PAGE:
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Published: Monday, 3/23/2009

Pakistan under Zardari lurching from crisis to crisis

PESHAWAR, Pakistan - Last week, crisis-prone Pakistan faced a crisis of unprecedented proportion when President Asif Ali Zardari and one-time Prime Minister Nawaz Sharif locked horns over the restoration of Supreme Court judges that former president and strongman Pervez Musharraf had, in order to perpetuate his rule, dismissed two years ago.

This arbitrary action sparked a countrywide protest by lawyers that eventually led to Mr. Musharraf's resignation and the ascension of Mr. Zardari, former Prime Minister Benazir Bhutto's widower, to the presidency. Soon after the general election in February, 2008, Mr. Zardari and Mr. Sharif, in the spirit of cooperation, declared that within one month the dismissed judges would be restored to their previous positions.

Unfortunately, Mr. Zardari does not possess the political finesse or political acumen of his murdered wife. Prone to palace intrigues and comfortable in an atmosphere of uncertainties, he erroneously assumed that the "black-coat revolution" had run its course and had become a nonissue. He not only reneged on the pact he had signed with Mr. Sharif but went one step further and dismissed the provincial government in Punjab that Mr. Sharif's Muslim League party had formed. It backfired in ways Mr. Zardari and his sycophant advisors had not anticipated.

His actions infused new life into the lawyers' movement and they, together with all the major opposition parties, decided to march on the capital of Islamabad and force the resignation of the president. As the political activists and lawyers across the country marched toward Islamabad, Mr. Zardari panicked.

Instead of entering into meaningful negotiations, he placed many opposition leaders under house arrest, closed roads leading to the capital, and stopped people from traveling to Islamabad. He surrounded the presidential residence and major government buildings with cargo containers as barriers and ordered the closure of a private television station that had been critical of him. This prompted his information minister to resign in protest. He also invoked a Draconian law from the time of the British Raj, which banned the public assembly of more than four people.

The balance was tipped when Mr. Sharif started to lead his 100,000 restive supporters from Lahore, the capital of the Punjab, to Islamabad, 170 miles away. Prompted by his prime minister and prodded by the army chief, Mr. Zardari blinked, agreeing to the restoration of the judges and a judicial review of the sacking of the Punjab government. The march was called off.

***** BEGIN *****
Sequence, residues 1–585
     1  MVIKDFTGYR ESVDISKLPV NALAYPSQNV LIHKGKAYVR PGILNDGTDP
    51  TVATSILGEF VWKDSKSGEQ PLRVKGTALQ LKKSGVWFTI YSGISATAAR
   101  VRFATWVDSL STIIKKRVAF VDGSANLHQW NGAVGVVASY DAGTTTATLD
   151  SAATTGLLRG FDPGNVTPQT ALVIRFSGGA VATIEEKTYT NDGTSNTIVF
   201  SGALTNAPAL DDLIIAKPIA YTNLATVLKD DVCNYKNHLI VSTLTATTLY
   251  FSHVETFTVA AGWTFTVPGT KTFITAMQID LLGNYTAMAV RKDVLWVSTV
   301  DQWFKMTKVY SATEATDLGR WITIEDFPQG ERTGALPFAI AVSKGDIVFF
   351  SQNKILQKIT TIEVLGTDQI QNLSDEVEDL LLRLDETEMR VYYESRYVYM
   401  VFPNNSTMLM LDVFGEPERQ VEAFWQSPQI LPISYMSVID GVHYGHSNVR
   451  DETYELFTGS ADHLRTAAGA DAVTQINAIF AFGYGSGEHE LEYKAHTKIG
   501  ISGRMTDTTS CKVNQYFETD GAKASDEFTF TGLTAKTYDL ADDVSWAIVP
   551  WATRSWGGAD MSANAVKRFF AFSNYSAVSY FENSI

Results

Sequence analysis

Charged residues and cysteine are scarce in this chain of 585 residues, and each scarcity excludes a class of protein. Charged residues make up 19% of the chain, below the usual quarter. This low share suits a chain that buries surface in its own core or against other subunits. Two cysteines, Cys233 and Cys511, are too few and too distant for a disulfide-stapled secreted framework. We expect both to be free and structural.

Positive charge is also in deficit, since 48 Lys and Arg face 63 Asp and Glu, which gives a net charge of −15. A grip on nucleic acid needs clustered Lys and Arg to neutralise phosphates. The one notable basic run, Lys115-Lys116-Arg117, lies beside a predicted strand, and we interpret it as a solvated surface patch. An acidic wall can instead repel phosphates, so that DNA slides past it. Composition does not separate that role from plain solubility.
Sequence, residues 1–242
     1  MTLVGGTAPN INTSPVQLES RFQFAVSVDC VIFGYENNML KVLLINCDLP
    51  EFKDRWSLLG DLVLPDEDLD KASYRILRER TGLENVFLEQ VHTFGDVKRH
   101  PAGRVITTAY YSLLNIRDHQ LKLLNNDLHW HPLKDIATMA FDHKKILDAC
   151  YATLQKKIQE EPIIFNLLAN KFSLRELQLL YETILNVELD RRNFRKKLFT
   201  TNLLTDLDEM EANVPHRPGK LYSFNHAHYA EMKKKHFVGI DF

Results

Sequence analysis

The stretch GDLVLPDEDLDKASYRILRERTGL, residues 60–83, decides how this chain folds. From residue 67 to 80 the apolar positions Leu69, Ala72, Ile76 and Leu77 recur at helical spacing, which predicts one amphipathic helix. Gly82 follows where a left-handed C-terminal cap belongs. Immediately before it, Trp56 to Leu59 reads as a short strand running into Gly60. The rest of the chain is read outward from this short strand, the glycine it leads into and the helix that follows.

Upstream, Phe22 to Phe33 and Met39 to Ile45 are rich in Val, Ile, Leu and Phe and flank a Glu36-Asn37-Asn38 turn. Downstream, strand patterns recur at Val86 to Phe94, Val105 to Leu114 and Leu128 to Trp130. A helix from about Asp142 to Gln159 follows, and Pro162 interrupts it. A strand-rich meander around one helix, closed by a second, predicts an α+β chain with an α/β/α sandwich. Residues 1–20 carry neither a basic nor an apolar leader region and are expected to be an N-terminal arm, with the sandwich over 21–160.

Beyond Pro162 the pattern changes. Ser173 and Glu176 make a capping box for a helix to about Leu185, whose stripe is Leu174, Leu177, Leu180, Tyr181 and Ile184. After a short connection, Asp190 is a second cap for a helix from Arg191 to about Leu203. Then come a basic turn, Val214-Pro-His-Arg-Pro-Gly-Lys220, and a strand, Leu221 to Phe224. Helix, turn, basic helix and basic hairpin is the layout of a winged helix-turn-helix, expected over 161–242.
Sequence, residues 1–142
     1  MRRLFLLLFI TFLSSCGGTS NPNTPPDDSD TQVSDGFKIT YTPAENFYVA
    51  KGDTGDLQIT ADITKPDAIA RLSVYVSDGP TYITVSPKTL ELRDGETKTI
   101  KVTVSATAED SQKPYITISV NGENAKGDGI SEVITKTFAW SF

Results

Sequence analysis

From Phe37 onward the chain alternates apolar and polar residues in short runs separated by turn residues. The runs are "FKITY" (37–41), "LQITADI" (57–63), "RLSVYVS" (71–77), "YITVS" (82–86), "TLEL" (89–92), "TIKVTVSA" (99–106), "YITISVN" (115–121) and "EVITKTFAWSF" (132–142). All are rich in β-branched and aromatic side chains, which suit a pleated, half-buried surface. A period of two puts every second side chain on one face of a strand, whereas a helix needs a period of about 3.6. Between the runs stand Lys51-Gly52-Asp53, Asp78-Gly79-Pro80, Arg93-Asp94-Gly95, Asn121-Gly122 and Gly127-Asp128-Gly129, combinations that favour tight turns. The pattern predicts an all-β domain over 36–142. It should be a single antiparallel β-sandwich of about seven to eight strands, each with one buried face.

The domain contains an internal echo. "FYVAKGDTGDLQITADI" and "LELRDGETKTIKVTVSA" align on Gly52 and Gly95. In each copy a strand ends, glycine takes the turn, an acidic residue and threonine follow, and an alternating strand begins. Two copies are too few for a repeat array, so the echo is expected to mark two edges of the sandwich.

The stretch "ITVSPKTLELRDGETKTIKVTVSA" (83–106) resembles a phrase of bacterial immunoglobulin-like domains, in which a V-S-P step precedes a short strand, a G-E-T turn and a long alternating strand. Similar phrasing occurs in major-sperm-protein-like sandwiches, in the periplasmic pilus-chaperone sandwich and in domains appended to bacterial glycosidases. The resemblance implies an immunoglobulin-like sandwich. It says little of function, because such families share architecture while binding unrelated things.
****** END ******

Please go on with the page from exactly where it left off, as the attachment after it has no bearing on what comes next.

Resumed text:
One wonders why Mr. Zardari brought the country to the brink of civil war. He knew the armed forces would not take sides if violence occurred and that a political solution was the only way out of the dead- lock. This speaks to his inexperience as a politician and as an administrator and perhaps, if rumors are true, to his mental instability.

Pakistan has weathered this crisis but the problems still facing the country are many and profound. There is a relative breakdown of law and order in parts of the country. Kidnappings for ransom, some carried out by the Taliban and some by criminal elements, are rampant. This insecurity has had an adverse effect on the economy, and were it not for the infusion of U.S. aid, the country would be bankrupt. And then there is the ongoing menace of religious violence.

Pakistan has entered agreements with Taliban groups that dominate different parts of the semi-autonomous tribal areas abutting Afghanistan. The three main factions, until recently at each other's throats, have come together and pledged allegiance to Mullah Omar, the elusive Afghan leader who was head of the Taliban government in Afghanistan. The alliance, supported by some elements in Pakistan's government, is meant to fight American and NATO troops in Afghanistan. With American reinforcements expected, the Pakistani Taliban have decided to change the focus from Pakistan to the Paktia and Khost areas in Afghanistan where recent Taliban activity has increased by 90 percent.

Even if the focus of the Pakistani Taliban were to change from Pakistan to Afghanistan, it would be temporary. Their ultimate aim remains to control Afghanistan and Pakistan. Recently, a one-page flyer was widely distributed in Waziristan, a frontier region bordering Afghanistan, that identified President Zardari, President Hamid Karzai of Afghanistan, and the United States as the real enemies of Islam. The implications are not hard to comprehend.

Meanwhile, there is sustained low-level terrorist activity in Peshawar and along the entire frontier that keeps people on edge and precludes much of normal activity. Just in the past few days, terrorists torched and destroyed a dozen vehicles and equipment destined for NATO forces in Afghanistan And an electricity grid was blown just outside the city limits, plunging the entire region into the dark.

Most observers believe that a united political front is paramount in tackling myriad problems that the country faces. Given the incompetence at the top, this does not seem to be in the cards any time soon.



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